Fitbit Sense Smartwatch
Fitbit Sense smartwatch
Photo: Fitbit

Worried about COVID-19, the return of distance learning, or the extra pounds you might have packed on while being home during the pandemic? Fitbit claims its new Sense smartwatch can help with stress management.

The device features sensors that track your heart rate, breathing, temperature changes, and skin reactions, then analyzes that data in a way that the company says will tell you how your body responds to stress, along with attempts to relax through meditation or other activities.

Unveiled on Tuesday, alongside updated versions of Fitbit’s popular Versa smartwatch and Inspire fitness tracker, the Fitbit Sense will also automatically take your temperature at night to create a baseline and identify trends, which could help you spot signs of fever or illness early on.

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Like watches from Apple and Samsung, it also lets you record an electrocardiogram, chronicling the heart’s electrical activity, though Fitbit still needs Food and Drug Administration approval before the feature can be activated.

Fitbit says the Sense goes one step further than its rivals with a new feature that measures electrodermal activity (EDA)—changes in the way your skin responds to electrical activity caused by stress-induced sweating or variations in heart rate.

All that data from its sensors will be used to produce a stress management score in the Fitbit app, which, the company says, will then provide tips and tools for managing the stress.

The Fitbit Sense, which comes in dark gray and white colors, costs $330. It’s available for preorder now and will arrive in stores in late September.

In the meantime, here’s a more detailed look at all three of Fitbit’s new devices.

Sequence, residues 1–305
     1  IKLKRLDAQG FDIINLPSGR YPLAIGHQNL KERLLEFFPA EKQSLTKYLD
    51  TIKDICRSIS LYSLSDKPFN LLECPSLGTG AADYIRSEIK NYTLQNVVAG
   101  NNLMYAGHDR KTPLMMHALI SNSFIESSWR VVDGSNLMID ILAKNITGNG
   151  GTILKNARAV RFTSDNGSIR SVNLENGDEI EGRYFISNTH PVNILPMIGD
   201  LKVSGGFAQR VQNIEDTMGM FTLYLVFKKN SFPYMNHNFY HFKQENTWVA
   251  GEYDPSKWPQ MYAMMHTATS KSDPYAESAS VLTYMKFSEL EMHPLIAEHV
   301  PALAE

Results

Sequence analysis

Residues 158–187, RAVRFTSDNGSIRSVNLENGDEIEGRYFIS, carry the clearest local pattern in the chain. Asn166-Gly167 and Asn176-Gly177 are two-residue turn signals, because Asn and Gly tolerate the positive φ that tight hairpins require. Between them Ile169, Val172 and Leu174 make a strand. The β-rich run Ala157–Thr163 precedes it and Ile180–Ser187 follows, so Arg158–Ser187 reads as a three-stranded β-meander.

Fitbit Sense

EDA scan app: By monitoring electrodermal activity, Fitbit says, the app can determine how your body reacts to stress, which could help you better track and manage it.

To use the app, which is loaded on the device, you place your palm over the face of the smartwatch. The Fitbit Sense then detects small electrical changes in the sweat level of your skin. The readings can be paired with guided “mindfulness” sessions in the Fitbit mobile app to provide feedback on how your body responds to meditation or relaxation.

EKG sensor: By monitoring the heart’s electrical activity, the app is supposed to detect signs of atrial fibrillation, an irregular heartbeat that could indicate a heart condition. As noted above, this feature needs FDA approval before Fitbit activates it.

More heart health features: The Sense also features a new sensor that will tell you if your resting heart rate spikes or drops to an abnormal level. All the data is stored in the Fitbit app and can be shared with your doctor, if you choose.

Temperature sensor: The on-wrist sensor logs your skin temperature each night.

Stress management score: Using your heart rate, sleep, and activity data, the watch calculates a score from 1 to 100. The higher the score, Fitbit says, the fewer signs of stress.